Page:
One August day in 1958, young photographer Art Kane invited all the jazz musicians then working the night clubs in New York City to meet on 124th Street for a group photo to grace the cover of `Esquire' magazine. Some 50 different musicians showed up for the photo, and this film by Jean Bach is the story of that occasion.
The problem Kane had was getting so many jazz musicians to show up at 11 O'clock in the morning, as jazz musicians work all night and often do not get to bed until sunrise. One jazz musician remarked at his astonishment on discovering that there were "two ten O'clocks in the day".
But with a handful of exceptions, show up they did. The film contains short face-to-camera interviews by many of the surviving musicians in the photo, who included Dizzie Gillespie, Thelonious Monk, Marian McPartland, Count Basie, Sonny Rollins (an excellent & deeply thoughtful contribution), Gerry Mulligan, Charles Mingus, Maxine Sullivan, Lester Young and Coleman Hawkins. They talk about the occasion, about jazz, life in general and each other.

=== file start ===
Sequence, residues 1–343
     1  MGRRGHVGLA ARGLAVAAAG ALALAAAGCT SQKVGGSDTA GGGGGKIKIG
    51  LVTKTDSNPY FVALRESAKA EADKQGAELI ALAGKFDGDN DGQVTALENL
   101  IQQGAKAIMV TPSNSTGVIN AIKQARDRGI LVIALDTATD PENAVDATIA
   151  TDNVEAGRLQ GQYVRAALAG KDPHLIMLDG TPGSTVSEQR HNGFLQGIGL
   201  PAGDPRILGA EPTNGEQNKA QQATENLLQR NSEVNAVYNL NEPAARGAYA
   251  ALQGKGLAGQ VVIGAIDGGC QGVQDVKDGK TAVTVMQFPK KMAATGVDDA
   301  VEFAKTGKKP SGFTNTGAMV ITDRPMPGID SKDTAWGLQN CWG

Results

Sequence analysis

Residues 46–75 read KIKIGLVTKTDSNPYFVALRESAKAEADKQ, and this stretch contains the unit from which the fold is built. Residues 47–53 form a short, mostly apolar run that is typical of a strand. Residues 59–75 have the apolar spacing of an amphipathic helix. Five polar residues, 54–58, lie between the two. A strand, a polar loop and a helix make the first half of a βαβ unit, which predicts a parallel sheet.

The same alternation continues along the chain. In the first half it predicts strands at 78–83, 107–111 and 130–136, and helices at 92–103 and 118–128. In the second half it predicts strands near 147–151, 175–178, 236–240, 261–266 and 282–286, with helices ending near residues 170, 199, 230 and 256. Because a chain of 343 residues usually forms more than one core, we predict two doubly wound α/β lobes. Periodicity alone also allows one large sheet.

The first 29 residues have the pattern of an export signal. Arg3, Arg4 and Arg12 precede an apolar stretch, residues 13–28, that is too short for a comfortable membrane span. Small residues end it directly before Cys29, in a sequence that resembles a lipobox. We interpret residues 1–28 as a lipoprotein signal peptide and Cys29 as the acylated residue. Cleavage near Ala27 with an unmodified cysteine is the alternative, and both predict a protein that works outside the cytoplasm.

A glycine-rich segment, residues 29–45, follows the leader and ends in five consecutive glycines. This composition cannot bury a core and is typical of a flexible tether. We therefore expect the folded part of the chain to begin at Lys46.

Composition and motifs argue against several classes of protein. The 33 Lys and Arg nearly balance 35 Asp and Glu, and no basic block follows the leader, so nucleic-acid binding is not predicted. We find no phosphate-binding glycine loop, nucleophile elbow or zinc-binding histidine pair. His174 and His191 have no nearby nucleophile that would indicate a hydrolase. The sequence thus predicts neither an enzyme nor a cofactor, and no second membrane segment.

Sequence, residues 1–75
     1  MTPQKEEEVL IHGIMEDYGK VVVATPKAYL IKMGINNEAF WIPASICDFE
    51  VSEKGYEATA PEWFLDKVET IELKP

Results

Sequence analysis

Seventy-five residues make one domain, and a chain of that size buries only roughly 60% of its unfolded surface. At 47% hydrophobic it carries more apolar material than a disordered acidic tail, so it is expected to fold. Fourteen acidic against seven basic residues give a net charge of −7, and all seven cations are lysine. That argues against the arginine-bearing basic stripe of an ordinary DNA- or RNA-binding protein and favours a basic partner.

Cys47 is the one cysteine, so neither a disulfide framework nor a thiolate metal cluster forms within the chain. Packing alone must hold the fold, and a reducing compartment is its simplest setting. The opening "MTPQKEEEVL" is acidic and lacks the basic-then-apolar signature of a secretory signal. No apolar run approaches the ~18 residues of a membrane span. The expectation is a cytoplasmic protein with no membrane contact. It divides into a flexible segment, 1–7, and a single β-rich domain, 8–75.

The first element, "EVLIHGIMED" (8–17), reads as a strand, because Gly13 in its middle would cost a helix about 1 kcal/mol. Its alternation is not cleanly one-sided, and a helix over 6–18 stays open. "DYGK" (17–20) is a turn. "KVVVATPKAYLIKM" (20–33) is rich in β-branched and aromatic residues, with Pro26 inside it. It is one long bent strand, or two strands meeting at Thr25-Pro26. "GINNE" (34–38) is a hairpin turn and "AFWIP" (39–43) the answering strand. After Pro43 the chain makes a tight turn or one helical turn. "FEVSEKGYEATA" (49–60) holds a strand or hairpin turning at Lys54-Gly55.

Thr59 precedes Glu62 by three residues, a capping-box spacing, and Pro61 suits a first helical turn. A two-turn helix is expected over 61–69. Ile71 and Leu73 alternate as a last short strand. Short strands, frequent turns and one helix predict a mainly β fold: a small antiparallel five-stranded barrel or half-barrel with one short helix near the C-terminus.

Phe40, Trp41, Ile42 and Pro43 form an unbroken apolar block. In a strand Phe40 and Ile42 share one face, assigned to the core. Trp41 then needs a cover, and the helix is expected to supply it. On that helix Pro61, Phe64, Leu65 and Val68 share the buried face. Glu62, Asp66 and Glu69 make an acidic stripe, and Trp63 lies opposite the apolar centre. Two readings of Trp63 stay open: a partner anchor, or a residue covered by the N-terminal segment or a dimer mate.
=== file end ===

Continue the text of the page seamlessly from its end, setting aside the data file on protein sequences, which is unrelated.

This is a 2-DVD set. DVD-1 is Bach's original and highly entertaining film; DVD-2 contains 3 hours of bonus material, a meticulously assembled montage of quotes about each musician participant which you can access via clicking on each musician's name. You have to work through each one individually, as there's no `play all' option.
Kane's original photo contained a front-row of street kids sitting on the sidewalk with the musicians. Many of these (obviously in their mature years) have been tracked down and interviewed for the film too.
It's not really a `music DVD' as such, but overall it's a great piece of history.